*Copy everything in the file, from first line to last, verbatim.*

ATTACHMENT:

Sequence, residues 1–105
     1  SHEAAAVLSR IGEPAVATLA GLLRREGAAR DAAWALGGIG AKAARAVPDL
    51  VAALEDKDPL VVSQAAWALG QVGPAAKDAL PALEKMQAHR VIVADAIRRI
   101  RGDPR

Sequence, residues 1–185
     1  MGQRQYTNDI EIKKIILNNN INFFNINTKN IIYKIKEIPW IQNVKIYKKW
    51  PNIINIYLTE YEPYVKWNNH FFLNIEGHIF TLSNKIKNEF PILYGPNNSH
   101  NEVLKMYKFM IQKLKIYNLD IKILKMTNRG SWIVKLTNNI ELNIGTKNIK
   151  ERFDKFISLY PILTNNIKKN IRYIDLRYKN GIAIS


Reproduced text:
Sequence, residues 1–105
     1  SHEAAAVLSR IGEPAVATLA GLLRREGAAR DAAWALGGIG AKAARAVPDL
    51  VAALEDKDPL VVSQAAWALG QVGPAAKDAL PALEKMQAHR VIVADAIRRI
   101  RGDPR

Sequence, residues 1–185
     1  MGQRQYTNDI EIKKIILNNN INFFNINTKN IIYKIKEIPW IQNVKIYKKW
    51  PNIINIYLTE YEPYVKWNNH FFLNIEGHIF TLSNKIKNEF PILYGPNNSH
   101  NEVLKMYKFM IQKLKIYNLD IKILKMTNRG SWIVKLTNNI ELNIGTKNIK
   151  ERFDKFISLY PILTNNIKKN IRYIDLRYKN GIAIS